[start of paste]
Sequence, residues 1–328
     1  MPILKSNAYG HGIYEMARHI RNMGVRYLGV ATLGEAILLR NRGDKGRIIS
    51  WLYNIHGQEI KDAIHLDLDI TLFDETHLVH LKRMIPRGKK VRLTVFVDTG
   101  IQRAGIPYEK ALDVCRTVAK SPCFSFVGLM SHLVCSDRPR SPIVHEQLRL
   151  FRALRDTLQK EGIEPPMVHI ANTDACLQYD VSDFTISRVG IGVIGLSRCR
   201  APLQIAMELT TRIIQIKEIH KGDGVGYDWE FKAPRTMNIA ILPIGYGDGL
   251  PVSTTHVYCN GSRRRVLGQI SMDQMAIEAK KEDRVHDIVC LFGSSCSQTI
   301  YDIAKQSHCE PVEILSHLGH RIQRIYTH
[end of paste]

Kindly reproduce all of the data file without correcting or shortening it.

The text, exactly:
Sequence, residues 1–328
     1  MPILKSNAYG HGIYEMARHI RNMGVRYLGV ATLGEAILLR NRGDKGRIIS
    51  WLYNIHGQEI KDAIHLDLDI TLFDETHLVH LKRMIPRGKK VRLTVFVDTG
   101  IQRAGIPYEK ALDVCRTVAK SPCFSFVGLM SHLVCSDRPR SPIVHEQLRL
   151  FRALRDTLQK EGIEPPMVHI ANTDACLQYD VSDFTISRVG IGVIGLSRCR
   201  APLQIAMELT TRIIQIKEIH KGDGVGYDWE FKAPRTMNIA ILPIGYGDGL
   251  PVSTTHVYCN GSRRRVLGQI SMDQMAIEAK KEDRVHDIVC LFGSSCSQTI
   301  YDIAKQSHCE PVEILSHLGH RIQRIYTH